It probably doesn’t surprise you to hear there are tens of thousands of web-connected cameras all over the world that are set to take the default credentials. Actually, there are probably more than that out there, but we can assure you that at least 70,000 or so are only a click away. With this project, [carolinebuttet] proves that it’s quite possible to make art from our rickety, ridiculous surveillance state — and it begins with a peephole perspective.
The peephole in your own front door grants you the inalienable right to police your porch, stoop, or patch of carpet in the apartment building’s hallway while going mostly undetected. In Virtual Peephole, the peephole becomes a voyeuristic virtual view of various corners of the world.
Slide aside the cover, and an LDR connected to an Arduino Micro detects the change in light level. This change makes the Micro send a key press to a Raspberry Pi, which fetches a new camera at random and displays it on a screen inside the box. You can peep a brief demo after the break, followed by a couple of short build/walk-through videos.
If you’re a peephole people watcher, put a camera in there and watch from anywhere.
Continue reading “Insecure Surveillance Cameras Provide Dystopian Peep Show”
In this week’s links post we mentioned an over-powered DSLR peephole that purportedly cost $4000. So when we saw this tip regarding a relatively inexpensive digital peephole, we thought some of you might be a bit more interested.
The hardware is quite simple; a decent webcam, a Raspberry Pi, and a powered USB hub. The camera gets stripped down to its PCB and hidden inside the door itself. Even if you see this from the inside it’s just a suspicious-looking wire which wouldn’t make most people think a camera was in use.
On the software side of things, [Alex] set up his Raspberry Pi as a 24/7 webcam server to stream the video online. Unlike using a cheap wireless CCTV camera, his video signals are secure. He then runs Motion, a free software motion detector to allow the camera to trigger events when someone comes sneaking by. It can be setup to send you a text, call you, play an alarm, take a picture, record a video… the list goes on. His blog has a full DIY guide if you want to replicate this system. We just hope you have a stronger door!
We covered a similar project back in 2011, but it had made use of real server instead of an inexpensive Raspberry Pi.
First a quick announcement. We changed our “Kickstarter” category to “Crowd Funding“. We get a huge number of tips about crowd funding projects. We’re always interested in details. If you’re trying to get your crowd funding campaign on our front page make sure you’ve shared as many gritty project details (development process, problems/successes along the way, etc.) as possible . We usually prefer if this is done in a separate blog post from the campaign page itself.
Here’s a peephole hack that purportedly cost four grand. It uses a full on DSLR for the peephole hardware. Add a motion sensor and maybe you’ll be able to learn the faces of the neighbors who live on your floor. [via Gizmodo]
[Matthias] tells us that support for Rigol DS1052E oscilloscopes has been included in the 3.11 version of the Linux Kernel. Prior to this, getting the hardware to work on Linux was a hack, and a buggy one at that. For what it’s worth, here’s confirmation that support was added.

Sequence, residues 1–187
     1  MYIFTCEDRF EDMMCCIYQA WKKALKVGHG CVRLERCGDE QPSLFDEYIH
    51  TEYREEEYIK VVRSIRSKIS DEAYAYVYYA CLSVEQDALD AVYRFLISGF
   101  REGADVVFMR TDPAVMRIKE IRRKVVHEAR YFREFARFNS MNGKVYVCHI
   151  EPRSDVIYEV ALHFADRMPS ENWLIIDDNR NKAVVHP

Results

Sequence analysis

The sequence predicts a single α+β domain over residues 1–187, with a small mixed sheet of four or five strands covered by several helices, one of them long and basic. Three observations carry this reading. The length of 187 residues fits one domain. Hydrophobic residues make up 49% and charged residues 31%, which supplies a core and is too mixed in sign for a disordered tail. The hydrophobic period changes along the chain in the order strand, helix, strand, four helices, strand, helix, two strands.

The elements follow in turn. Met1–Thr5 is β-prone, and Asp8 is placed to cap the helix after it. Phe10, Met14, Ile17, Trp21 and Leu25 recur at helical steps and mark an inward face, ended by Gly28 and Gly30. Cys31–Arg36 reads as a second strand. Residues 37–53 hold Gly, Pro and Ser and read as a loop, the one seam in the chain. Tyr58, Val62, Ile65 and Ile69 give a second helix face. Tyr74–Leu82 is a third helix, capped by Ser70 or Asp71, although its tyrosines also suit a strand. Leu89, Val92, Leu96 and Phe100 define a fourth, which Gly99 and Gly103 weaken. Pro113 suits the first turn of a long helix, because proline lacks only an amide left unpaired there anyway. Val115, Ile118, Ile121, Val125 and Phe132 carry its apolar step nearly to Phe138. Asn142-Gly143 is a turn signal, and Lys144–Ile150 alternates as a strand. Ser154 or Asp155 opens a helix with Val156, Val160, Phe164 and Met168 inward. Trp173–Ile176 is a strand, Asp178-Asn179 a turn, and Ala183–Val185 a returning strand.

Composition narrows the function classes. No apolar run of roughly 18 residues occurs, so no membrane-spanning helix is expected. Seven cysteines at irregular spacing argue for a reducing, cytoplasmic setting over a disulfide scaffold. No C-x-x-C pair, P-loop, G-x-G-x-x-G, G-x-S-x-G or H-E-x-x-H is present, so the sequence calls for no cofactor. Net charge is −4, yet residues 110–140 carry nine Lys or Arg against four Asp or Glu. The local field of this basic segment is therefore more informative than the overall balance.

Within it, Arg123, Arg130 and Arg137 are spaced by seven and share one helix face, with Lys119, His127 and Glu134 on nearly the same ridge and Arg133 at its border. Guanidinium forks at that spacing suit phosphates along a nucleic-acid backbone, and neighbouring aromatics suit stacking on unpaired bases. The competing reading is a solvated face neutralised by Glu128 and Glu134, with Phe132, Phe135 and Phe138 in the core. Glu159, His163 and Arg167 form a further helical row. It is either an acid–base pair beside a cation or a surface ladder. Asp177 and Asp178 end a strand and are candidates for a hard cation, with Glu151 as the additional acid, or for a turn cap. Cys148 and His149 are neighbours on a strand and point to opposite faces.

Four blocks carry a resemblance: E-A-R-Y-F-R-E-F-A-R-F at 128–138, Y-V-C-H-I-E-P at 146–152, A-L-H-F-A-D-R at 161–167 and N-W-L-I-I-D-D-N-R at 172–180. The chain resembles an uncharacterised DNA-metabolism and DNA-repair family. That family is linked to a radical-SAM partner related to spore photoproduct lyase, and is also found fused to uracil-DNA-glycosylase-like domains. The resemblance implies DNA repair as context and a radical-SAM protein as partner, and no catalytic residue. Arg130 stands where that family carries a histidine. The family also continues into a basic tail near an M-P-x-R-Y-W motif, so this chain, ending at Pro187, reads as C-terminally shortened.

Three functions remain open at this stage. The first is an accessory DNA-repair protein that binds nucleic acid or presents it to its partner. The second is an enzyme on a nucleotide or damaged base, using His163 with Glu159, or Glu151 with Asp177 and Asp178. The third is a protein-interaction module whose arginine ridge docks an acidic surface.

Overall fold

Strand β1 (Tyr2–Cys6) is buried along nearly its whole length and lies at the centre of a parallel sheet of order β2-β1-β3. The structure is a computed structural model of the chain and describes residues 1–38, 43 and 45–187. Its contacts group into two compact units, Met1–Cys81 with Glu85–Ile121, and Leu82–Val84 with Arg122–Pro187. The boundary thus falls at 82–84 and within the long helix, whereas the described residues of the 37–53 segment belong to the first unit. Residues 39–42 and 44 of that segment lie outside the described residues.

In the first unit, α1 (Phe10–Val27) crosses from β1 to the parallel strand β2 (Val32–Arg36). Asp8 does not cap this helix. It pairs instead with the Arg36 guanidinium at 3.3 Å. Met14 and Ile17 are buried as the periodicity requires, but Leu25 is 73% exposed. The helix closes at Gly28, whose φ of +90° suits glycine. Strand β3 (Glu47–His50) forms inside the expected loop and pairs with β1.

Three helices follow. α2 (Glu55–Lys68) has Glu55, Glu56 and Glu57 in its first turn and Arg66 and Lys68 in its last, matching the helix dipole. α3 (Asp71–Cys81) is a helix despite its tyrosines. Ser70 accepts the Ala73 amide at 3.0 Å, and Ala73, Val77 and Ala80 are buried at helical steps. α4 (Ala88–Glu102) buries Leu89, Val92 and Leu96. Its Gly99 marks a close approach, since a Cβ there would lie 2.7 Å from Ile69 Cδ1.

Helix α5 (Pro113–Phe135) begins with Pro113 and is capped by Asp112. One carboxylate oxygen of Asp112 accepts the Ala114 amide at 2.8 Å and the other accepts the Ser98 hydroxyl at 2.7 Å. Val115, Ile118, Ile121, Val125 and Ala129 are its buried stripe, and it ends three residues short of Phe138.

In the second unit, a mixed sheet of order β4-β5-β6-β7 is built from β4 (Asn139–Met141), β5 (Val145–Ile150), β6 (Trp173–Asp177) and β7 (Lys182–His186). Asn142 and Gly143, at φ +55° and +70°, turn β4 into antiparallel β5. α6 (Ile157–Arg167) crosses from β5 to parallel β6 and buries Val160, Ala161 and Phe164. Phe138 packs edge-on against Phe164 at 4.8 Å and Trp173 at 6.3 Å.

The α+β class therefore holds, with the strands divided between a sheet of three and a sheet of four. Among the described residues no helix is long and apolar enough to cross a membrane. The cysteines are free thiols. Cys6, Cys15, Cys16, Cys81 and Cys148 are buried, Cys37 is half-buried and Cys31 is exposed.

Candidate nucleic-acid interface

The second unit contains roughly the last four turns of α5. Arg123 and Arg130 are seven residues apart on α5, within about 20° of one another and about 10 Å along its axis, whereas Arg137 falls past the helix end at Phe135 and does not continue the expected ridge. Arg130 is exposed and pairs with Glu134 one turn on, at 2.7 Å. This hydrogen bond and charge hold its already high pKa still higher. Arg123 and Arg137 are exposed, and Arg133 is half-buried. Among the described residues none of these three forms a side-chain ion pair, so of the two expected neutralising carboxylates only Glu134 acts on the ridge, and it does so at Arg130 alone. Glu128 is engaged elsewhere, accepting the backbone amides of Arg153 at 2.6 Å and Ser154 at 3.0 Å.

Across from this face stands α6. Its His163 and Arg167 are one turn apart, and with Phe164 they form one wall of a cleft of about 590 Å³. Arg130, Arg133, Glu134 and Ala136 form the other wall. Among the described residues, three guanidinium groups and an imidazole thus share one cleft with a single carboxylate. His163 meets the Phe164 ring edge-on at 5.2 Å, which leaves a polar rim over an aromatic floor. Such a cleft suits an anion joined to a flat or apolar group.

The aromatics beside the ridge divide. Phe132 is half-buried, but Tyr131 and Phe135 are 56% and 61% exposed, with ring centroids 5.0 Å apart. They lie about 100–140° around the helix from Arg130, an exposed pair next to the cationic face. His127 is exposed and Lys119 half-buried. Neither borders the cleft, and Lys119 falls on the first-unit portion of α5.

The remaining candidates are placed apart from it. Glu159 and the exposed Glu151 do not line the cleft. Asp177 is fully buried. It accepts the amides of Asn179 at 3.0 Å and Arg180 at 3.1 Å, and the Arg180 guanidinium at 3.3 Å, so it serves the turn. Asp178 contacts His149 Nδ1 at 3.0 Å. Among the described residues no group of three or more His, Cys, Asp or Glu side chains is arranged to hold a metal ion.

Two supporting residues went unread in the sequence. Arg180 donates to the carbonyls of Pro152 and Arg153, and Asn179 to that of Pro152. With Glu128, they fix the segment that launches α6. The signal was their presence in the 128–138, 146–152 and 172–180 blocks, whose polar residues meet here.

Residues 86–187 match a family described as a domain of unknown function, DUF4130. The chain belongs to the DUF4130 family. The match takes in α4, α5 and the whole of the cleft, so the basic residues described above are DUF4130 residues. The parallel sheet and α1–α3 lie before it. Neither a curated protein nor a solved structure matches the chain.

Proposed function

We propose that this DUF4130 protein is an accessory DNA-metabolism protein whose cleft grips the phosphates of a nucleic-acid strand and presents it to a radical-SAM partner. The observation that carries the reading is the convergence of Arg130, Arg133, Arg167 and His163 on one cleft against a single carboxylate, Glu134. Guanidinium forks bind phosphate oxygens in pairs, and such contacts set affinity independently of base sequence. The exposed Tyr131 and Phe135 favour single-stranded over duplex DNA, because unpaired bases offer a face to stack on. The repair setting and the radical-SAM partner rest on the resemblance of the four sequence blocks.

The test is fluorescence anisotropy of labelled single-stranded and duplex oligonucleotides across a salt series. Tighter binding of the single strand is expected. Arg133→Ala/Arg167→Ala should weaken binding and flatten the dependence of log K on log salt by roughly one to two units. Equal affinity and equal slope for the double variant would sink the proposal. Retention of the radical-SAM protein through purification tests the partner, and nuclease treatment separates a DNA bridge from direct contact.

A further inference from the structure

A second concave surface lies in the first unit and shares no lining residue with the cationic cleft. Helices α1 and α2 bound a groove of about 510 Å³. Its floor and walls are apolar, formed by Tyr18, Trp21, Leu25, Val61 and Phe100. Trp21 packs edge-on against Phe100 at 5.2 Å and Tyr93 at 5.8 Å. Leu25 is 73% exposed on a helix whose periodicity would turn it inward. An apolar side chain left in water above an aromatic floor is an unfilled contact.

A post about reverse engineering the FitBit Aria Wi-Fi scale was sent in by [Christopher]. This makes us wonder if you could patch into a digital scale, using your own electronics to spoof the FitBit version?
We always keep our paperboard six-pack carriers so that we have a way to transport our homebrew beer. But rolling into a party with this laser-cut beer caddy which [Daniel] designed looks a lot cooler.
Texas Instruments has an MSP430 Selection Guide (PDF) which we found interesting. The first nine pages or so are pretty much just marketing, but several pages of parametric tables found after that make for a great collection of data on the hardware families. [via Dangerous Prototypes]
[Antoine] spared no expense building a coffee table that showcases his old motherboards. The illuminated glass and wood art piece rang in at around $400 in materials. We’re a little more minimalist with our home decor. We still want something along the lines of this LED matrix version.
Speaking of LED matrices, [Mario] dropped off a link to his LED Space Invaders game in the comments of last week’s Game of Light post. What we can’t figure out is why so many people hesitate to send in a tip about their awesome projects?
College students have returned in droves to dorms and apartments at campuses everywhere. So this is the time of year we usually start seeing some coded entry hacks. [Charmonkey] recently took on the challenge at his new apartment. There were some caveats though. He needed to ensure the Landlord could still enter using a key, and he didn’t want to alter the door or the jamb in any way. What he came up with is a coded entry system that can turn the deadbolt.
In order to mount some hardware on the door he removed the inner part of the dead bolt assembly and used the pair of threaded tubes on the adjoining lock section as anchor points. This holds the Pokemon tin he’s using as a project box securely in place. The rest of the components all mount to it. These include the stepper motor that actuates the deadbolt, a switch for manual operation, an Arduino, and a motor driver board.
He got really creative with the keypad. The wires connecting it travel through the door’s peephole and into the smaller plastic project box that hosts the rest of the hardware.